The problem is that it was not a tooth abscess at all but an infected salivary gland right above the second bicuspid.

One dentist had even lanced it but to no avail. Antibiotics had done nothing!

When I went to an oral surgeon after almost two years of suffering, he immediately took a biopsy. That's how he found out that it was salivary gland tissue.

My question is this, don't they teach dentists in med school to make sure that what they think is an abscess is not in fact a salivary gland? Also, how is it possible for an expert dentist to go sideways on a root and ruin the tooth. There is a big difference it going straight up a tooth and going sideways as far as I can tell!

A: Your questions are well taken, and can certainly be appreciated by anyone who has been victimized by a difficult-to-diagnose condition. We phrase this carefully, since the difficult diagnosis is the only thing that is indisputable. Although your ordeal was unpleasant, it is all too easy to assume negligence or incompetence on the part of the treating dentists. Although we sympathize, you should know that even consummate clinicians are sometimes stymied by vague, non-specific, or misleading symptomatology. Such is the deceptively difficult job of the diagnostician.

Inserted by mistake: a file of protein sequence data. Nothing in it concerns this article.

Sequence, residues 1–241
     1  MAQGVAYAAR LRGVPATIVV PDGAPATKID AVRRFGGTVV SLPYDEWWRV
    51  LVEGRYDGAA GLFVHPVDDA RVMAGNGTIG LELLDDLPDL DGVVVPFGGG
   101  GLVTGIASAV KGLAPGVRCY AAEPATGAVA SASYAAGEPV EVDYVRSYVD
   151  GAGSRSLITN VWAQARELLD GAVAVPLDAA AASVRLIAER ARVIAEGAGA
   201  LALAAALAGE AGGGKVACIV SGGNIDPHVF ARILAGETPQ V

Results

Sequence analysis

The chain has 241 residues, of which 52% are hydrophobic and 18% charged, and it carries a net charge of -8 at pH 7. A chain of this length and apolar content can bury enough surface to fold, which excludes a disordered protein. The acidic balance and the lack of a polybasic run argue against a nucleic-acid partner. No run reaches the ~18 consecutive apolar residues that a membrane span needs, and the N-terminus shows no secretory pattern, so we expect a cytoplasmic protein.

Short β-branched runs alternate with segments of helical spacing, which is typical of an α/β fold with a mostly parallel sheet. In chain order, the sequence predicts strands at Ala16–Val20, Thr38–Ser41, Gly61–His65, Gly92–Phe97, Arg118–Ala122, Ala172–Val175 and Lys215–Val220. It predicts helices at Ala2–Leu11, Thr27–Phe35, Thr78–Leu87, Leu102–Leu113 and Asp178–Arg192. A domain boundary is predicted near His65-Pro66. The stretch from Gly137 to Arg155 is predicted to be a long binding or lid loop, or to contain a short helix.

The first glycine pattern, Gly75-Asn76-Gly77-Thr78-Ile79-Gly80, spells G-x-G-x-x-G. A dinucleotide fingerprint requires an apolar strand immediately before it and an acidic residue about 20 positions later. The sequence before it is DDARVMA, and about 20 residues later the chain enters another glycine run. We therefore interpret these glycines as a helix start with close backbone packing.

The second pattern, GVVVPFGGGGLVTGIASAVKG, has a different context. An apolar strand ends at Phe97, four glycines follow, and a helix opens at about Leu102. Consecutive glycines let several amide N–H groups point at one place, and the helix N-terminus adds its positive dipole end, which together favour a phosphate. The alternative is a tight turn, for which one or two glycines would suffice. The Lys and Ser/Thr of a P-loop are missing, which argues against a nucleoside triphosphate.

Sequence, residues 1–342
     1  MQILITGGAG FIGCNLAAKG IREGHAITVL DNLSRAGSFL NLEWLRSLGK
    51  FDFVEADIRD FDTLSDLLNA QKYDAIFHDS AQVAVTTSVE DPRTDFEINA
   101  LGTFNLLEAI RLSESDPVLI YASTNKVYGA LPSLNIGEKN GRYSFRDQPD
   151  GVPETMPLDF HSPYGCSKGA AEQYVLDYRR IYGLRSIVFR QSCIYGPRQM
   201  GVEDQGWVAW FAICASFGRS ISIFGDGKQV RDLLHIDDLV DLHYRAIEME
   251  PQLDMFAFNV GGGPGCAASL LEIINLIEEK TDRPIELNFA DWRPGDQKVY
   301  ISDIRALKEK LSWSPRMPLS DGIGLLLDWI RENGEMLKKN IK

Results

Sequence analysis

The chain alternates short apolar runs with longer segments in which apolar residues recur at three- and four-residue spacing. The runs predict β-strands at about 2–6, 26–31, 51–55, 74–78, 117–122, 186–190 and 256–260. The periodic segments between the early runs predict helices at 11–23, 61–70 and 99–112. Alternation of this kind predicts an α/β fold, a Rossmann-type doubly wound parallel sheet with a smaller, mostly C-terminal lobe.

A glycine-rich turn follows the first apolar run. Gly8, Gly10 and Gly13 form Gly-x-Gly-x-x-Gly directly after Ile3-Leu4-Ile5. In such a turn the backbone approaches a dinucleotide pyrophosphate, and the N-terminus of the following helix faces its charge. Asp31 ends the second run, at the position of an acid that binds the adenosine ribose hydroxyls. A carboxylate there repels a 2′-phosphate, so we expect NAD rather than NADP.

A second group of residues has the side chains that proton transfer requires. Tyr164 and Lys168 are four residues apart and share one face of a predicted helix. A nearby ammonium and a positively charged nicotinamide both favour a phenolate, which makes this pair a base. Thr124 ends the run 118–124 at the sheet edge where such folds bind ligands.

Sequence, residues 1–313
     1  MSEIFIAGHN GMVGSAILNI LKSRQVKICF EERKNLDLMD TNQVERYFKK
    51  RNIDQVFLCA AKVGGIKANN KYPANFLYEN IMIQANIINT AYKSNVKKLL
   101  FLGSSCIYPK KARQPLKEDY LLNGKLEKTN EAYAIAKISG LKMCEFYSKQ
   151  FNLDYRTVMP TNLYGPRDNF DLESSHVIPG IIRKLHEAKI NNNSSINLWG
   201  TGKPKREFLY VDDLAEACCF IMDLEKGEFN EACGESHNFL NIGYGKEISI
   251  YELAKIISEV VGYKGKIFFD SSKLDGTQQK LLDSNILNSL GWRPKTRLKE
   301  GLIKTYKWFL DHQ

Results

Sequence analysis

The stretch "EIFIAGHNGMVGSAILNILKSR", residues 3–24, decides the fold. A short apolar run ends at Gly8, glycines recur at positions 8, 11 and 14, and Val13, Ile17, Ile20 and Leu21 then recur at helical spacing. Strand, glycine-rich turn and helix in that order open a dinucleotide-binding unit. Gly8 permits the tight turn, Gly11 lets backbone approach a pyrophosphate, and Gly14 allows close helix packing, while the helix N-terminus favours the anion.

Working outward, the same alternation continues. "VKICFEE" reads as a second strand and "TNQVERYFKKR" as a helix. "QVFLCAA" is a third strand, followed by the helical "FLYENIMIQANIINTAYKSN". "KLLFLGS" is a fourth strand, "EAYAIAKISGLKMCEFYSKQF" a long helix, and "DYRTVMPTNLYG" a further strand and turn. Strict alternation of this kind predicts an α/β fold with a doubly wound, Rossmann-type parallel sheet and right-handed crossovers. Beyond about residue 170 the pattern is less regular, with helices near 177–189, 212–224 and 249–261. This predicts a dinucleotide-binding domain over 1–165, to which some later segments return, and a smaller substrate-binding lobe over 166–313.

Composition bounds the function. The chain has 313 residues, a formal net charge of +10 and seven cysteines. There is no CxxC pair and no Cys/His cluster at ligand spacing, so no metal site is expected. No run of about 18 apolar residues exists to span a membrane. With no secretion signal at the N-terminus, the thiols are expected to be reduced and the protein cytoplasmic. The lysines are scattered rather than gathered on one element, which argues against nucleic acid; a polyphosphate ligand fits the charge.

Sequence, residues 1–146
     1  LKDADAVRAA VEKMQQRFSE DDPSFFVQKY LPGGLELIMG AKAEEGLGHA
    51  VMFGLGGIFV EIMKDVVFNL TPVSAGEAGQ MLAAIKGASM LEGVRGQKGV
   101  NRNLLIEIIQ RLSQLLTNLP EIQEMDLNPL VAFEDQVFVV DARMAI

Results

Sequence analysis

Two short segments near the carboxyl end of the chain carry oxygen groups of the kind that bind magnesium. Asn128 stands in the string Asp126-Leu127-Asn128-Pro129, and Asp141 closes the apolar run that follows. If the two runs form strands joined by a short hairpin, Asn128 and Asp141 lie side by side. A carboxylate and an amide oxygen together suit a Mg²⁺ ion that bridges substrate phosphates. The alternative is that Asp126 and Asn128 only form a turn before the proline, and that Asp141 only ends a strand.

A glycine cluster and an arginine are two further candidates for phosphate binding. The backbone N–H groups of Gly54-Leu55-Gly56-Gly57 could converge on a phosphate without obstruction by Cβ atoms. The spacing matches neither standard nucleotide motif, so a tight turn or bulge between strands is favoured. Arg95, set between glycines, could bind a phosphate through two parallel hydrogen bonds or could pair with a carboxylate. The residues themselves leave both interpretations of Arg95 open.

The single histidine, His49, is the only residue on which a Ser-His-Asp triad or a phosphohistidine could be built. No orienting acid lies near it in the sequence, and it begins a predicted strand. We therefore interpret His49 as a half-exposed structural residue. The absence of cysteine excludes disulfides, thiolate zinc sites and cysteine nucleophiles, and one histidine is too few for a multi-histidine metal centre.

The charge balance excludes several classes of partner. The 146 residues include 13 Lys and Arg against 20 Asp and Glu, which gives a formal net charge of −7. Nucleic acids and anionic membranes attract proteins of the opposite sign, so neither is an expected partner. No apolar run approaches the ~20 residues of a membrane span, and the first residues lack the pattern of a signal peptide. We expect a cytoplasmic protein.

Some things that may have contributed to the confusion:

  • There are normally no salivary glands above the second bicuspid, whether upper or lower, so none would have been expected there, much less an infected one.
  • The mouth has a very limited repertoire of symptoms for a wide variety of causes. Consequently, the nature of a problem can seldom be inferred by simple consideration of a vague pain. Additionally, there is a strong predilection for oral pain to refer to a site that is remote from its actual source; that is, the pain feels like it's coming from somewhere else.
  • Infections in salivary glands cannot be diagnosed by conventional x-rays, and dental infections only manifest in x-rays in the later stages, and sometimes not at all.